Those of us who have been on NORPAC missions probably realize the almost-prophetic nature of the talking points that were raised in 2002-2005, when our members asked Congress to change the nature of economic aid to Egypt. We foretold that a madrassa-educated and impoverished population would rise up and depose Hosni Mubarak. We urged educational reform and economic development rather than arms for Egypt. We were only partially successful in our efforts because of resistance from the administration, but did manage to ameliorate the threat of some advanced weapon systems being transferred to the Egyptian military.
While we hope that the turmoil in the Middle East leads to pluralistic and tolerant societies, the outlook is ominous. We can see what the future may hold from the incident of Lara Logan, the CBS “60 Minutes” journalist who was sexually assaulted in Cairo’s Tahrir Square by members of that freedom movement. Her offense was not being dressed in a hijab. While assaulting her, the crowd cursed at her, calling her “Jew, Jew, Jew.”
In these Middle East rebellions there will be a power vacuum. Our fear is that it will not be filled with the likes of George Washington, Thomas Jefferson, or Mahatma Gandhi. They instead have Sheik Yusuf Qaradawi, the formerly exiled spiritual leader of the Muslim Brotherhood, who now speaks in front of millions in Cairo calling for the opening of the Egyptian border with Gaza and the destruction of Israel. The chaos in the Middle East gives an advantage to disciplined and organized groups like the Muslim Brotherhood. Events demand our attention and reinforce our need to be prepared. Already Jerusalem is planning on increasing troop deployment along the Negev southern border and the expenses that go with this defense burden.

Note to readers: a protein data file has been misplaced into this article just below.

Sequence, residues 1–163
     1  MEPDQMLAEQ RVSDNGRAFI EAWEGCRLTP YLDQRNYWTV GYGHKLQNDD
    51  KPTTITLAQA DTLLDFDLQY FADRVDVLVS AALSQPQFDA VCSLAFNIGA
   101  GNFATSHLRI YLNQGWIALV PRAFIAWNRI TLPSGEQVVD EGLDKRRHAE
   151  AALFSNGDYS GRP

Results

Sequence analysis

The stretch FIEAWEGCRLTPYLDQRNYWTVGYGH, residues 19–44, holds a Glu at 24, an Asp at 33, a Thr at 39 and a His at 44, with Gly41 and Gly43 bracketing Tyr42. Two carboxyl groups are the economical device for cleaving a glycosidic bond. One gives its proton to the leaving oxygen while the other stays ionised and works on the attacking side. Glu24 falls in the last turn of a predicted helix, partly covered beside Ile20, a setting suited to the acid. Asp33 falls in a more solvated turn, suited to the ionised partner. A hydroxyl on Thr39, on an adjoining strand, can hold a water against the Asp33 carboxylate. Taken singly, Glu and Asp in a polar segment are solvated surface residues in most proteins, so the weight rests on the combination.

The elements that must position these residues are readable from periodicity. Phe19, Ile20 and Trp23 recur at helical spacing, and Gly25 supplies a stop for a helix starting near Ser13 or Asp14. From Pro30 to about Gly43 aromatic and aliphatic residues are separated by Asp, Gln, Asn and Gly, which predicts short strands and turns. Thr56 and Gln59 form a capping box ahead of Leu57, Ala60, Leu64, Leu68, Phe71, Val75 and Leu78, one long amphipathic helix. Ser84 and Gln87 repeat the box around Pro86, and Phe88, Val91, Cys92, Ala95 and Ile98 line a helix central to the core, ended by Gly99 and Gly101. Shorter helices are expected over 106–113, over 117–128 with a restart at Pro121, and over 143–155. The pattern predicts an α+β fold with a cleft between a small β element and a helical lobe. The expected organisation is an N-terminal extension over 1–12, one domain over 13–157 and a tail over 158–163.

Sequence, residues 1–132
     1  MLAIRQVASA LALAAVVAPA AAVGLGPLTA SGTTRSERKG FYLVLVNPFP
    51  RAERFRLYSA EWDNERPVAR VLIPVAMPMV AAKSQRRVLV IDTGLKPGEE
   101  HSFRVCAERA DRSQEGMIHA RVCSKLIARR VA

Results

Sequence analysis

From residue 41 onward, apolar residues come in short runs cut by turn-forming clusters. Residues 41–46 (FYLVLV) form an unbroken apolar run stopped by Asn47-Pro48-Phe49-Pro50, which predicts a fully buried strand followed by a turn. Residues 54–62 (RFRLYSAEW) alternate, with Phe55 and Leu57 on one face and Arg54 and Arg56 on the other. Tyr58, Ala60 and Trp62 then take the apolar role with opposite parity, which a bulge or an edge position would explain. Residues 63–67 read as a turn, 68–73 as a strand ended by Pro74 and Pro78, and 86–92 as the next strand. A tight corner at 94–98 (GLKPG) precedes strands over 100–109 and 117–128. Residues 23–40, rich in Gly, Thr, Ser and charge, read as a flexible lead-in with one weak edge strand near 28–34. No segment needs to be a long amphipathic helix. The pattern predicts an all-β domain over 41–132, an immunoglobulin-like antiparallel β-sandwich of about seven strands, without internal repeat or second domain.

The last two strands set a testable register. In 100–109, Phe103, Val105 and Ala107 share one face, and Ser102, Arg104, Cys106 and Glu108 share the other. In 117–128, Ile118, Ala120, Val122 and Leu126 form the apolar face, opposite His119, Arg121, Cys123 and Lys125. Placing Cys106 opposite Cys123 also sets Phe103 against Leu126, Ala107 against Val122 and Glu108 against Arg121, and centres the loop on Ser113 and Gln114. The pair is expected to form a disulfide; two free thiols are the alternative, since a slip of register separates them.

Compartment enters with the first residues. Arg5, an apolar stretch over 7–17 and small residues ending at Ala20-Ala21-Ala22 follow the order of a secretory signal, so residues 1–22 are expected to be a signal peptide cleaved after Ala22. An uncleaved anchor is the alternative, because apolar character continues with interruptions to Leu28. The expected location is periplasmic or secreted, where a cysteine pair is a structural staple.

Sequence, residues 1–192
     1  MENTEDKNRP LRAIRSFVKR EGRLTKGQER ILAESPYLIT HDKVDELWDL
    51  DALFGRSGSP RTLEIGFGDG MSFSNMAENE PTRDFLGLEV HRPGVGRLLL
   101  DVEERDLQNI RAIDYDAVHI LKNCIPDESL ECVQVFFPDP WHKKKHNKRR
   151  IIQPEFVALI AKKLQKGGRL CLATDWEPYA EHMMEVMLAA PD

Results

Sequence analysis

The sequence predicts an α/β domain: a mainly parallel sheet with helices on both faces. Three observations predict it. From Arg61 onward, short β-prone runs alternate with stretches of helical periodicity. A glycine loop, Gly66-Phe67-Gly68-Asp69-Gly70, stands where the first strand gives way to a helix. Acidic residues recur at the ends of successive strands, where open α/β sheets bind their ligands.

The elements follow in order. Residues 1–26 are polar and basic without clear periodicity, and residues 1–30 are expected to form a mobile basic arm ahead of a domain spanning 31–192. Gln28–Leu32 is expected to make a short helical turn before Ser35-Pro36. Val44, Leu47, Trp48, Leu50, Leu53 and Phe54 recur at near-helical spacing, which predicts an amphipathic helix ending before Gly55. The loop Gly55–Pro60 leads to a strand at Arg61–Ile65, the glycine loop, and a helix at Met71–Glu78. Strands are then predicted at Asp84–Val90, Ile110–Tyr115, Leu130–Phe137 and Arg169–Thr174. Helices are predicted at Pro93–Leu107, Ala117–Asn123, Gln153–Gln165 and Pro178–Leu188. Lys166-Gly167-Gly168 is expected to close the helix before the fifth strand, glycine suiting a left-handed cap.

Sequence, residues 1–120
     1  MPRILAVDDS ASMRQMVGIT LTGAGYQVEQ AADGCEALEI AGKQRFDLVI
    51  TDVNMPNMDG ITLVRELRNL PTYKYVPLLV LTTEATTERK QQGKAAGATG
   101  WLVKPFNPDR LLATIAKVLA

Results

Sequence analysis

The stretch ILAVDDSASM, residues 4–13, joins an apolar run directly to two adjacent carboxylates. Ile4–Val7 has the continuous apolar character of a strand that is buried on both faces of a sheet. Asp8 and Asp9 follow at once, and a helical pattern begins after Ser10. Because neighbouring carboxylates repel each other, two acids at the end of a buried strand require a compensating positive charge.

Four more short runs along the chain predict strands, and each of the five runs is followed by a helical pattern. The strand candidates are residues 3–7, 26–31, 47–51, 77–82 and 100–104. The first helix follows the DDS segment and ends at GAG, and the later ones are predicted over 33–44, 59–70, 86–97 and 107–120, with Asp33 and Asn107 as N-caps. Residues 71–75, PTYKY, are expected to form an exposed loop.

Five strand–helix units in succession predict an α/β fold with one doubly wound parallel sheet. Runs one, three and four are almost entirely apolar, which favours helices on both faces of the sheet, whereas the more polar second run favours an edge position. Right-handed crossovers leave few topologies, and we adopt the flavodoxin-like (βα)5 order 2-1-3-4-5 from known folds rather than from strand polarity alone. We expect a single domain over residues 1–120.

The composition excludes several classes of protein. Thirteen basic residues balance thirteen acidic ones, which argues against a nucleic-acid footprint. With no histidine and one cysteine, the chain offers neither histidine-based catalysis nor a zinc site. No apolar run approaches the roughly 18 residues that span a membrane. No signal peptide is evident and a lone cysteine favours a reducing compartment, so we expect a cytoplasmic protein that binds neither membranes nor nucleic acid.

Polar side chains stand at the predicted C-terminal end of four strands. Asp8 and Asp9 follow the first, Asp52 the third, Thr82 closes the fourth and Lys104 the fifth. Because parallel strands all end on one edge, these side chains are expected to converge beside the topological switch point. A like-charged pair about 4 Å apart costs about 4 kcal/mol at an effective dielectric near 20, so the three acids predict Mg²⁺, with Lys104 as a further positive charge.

NORPAC was born 20 years ago, when a small group in this state decided that having a sitting secretary of state say (in vulgar language), forget the Jews, they don’t vote for us anyway, was a reflection of our lack of prestige and our failure to protect our interests as American citizens. It was clear that the American Jewish community needed to be better organized and politically engaged.
NORPAC has since grown and, through the tenacious efforts of our members, has been able to facilitate the introduction and passage of important legislative initiatives. It is our year-after-year commitment to organize local political events, in addition to our going on the NORPAC mission to Washington, that has allowed our efforts to succeed. Citizen advocates that personally meet with Congress in Washington are effective far beyond their numbers. For those making the effort to attend our mission, each voice is like 1,000. For each of you who decide to stay home, we are 1,000 less.
We are grateful that almost all members of Congress are willing to meet us. There are about 100 new members this year who need to hear from us about the importance of U.S.-Israel relations. This is a golden opportunity to present our case for Israel to both the new members and to reinforce our relationship with legislators we have met with and known for years. Most important, it is our chance to dispel the false information so prevalent about Israel on the world stage. The Jewish homeland has many accusers. We need you to go to Congress to be her defender.
There are few Holocaust survivors left who can turn the opinion of the most dogmatic legislator. The mantle of responsibility is now upon us to be proactive, as we have always needed and will continually need to be. Come with your family and friends on the NORPAC mission and be one of those who speak softly and are thoughtfully heard.
For information, call (201) 788-5133 or go to www.norpac.net.